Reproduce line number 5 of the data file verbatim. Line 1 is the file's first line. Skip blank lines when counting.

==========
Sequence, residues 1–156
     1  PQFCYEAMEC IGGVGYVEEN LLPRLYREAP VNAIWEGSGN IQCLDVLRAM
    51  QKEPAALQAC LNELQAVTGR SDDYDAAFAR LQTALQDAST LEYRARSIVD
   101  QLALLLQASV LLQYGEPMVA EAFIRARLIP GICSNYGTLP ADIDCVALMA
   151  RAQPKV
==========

   151  RAQPKV